Today we hear once again the impatient voice of John the Baptist urging us to change so that we may be worthy to receive the Lord.  Crooked ways must be made straight; bad habits need to be corrected; conversion must continue.  God very much wants to come to us and we also want to receive Him,  but it is usually on our own terms.  We wish to remain attached to habits and attitudes which are unworthy of us and hurtful of others.  Like St. Augustine, we are inclined to say, “Change me, Lord….but not yet.”  An unqualified reception of the Lord requires repentance, not just remorse.  Remorse is simply a temporary regret about an unworthy behavior, which lasts a very short time, and then we revert to our old habits.  By contrast, repentance means that we have found something better and more promising than our sinfulness – the love and goodness of God.  If we could only realize how much God loves us, we would be able to resist every temptation.  We make this discovery primarily through earnest prayer and a deep yearning to become better persons.  Make room, then, in our hearts for the love of God, not as a theoretical fact or someone else’s word, but in our own experience.


Today is the start of the Advent season, when we begin our yearly pilgrimage through the events of our history of salvation, starting with the preparation for the birthday celebration of Jesus and ending with the reflection on His glorious second coming as Judge at the end of the world.  We are invited to meditate on Jesus’ first coming in history as a baby in Bethlehem, His daily coming into our lives in mystery through the sacraments, through the Bible and through the worshipping community; and finally His second coming at the end of the world to reward the just and punish the wicked.  We see the traditional signs of Advent in our church: violet vestments and hangings and the Advent wreath.  These remind us to prepare for the rebirth of Jesus in our hearts and lives,  thus enabling Him to radiate His love, mercy, compassion and forgiveness around us.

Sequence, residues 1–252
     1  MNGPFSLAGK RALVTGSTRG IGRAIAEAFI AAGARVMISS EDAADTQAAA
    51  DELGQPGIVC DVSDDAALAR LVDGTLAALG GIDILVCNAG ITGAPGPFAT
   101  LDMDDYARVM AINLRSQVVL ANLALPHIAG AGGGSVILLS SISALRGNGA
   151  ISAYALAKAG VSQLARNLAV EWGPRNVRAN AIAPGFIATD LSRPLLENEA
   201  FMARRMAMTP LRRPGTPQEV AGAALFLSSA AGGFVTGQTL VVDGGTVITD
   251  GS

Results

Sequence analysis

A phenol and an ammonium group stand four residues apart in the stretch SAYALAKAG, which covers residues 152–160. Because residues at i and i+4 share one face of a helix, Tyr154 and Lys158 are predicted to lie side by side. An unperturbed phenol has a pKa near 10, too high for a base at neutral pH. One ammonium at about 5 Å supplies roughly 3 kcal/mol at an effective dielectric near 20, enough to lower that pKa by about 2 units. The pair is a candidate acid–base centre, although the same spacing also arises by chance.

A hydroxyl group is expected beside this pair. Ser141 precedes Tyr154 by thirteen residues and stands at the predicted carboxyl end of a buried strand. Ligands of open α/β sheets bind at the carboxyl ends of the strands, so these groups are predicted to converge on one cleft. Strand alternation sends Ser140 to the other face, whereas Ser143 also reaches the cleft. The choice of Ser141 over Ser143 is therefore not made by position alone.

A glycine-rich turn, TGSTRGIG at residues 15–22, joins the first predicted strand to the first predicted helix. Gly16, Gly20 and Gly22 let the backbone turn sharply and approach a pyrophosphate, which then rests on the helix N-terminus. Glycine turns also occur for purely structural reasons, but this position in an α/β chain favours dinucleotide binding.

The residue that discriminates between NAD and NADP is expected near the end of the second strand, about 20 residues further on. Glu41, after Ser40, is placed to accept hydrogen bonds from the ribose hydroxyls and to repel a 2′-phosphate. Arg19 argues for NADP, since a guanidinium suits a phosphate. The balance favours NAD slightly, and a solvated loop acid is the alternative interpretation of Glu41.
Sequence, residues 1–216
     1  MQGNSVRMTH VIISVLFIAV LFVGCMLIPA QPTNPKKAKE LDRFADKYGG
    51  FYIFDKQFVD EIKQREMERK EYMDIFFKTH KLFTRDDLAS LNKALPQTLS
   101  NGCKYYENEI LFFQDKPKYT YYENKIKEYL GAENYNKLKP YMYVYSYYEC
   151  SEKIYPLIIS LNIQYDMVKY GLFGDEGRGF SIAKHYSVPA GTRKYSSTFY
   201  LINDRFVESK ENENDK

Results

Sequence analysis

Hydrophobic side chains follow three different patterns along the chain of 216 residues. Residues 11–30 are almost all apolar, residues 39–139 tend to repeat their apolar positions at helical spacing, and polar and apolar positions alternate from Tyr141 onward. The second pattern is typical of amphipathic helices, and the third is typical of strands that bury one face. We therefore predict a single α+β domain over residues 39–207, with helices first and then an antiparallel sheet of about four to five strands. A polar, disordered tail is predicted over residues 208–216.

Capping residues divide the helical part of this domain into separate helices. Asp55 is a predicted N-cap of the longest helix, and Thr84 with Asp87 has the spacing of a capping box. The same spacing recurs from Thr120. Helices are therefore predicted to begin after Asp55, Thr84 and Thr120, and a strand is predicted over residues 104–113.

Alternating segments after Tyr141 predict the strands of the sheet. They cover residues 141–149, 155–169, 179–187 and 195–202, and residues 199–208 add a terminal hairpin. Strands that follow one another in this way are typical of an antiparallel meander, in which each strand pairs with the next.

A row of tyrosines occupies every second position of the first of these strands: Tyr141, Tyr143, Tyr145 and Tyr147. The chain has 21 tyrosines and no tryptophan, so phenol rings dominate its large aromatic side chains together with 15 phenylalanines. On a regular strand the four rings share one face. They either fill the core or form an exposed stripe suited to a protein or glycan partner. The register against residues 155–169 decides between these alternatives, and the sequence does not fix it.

Even though the Bible clearly presents Jesus as King, it wasn’t until 1925 that the Church, though Pope Pius XI, established the feast of Christ the King in order to bring Christ, His rule and Christian values back into the lives of Christians, into society and into politics. This was in response to the totalitarian regimes that emerged in the early 20th century that claimed absolute power over their citizens and scoffed at the rule of God in guiding people’s lives. Highest authority belongs to God, not to the state. Jesus is God, the King over all kings. St. Paul states in the 2nd  reading that all things were created through Jesus and for Him. He is before (above) all things…preeminent. If a government overreaches itself, if it demands submission that we cannot give, always remember that Jesus is the Supreme King. An edifying example of this is Blessed Fr. Miguel Pro, who was executed in 1927. A totalitarian regime gained control of Mexico that tried to suppress the Church. Many Christians courageously took up the cry, “Viva Cristo Rey” (“Long Live Christ the King”) and called themselves Cristeros. Fr. Pro ministered to these persecuted Christians until he was arrested and sentenced to public execution. When execution time came, he knelt down holding a crucifix. After praying he stood up, held the crucifix high and shouted, “Viva Cristo Rey”. It was then that the soldiers hot him.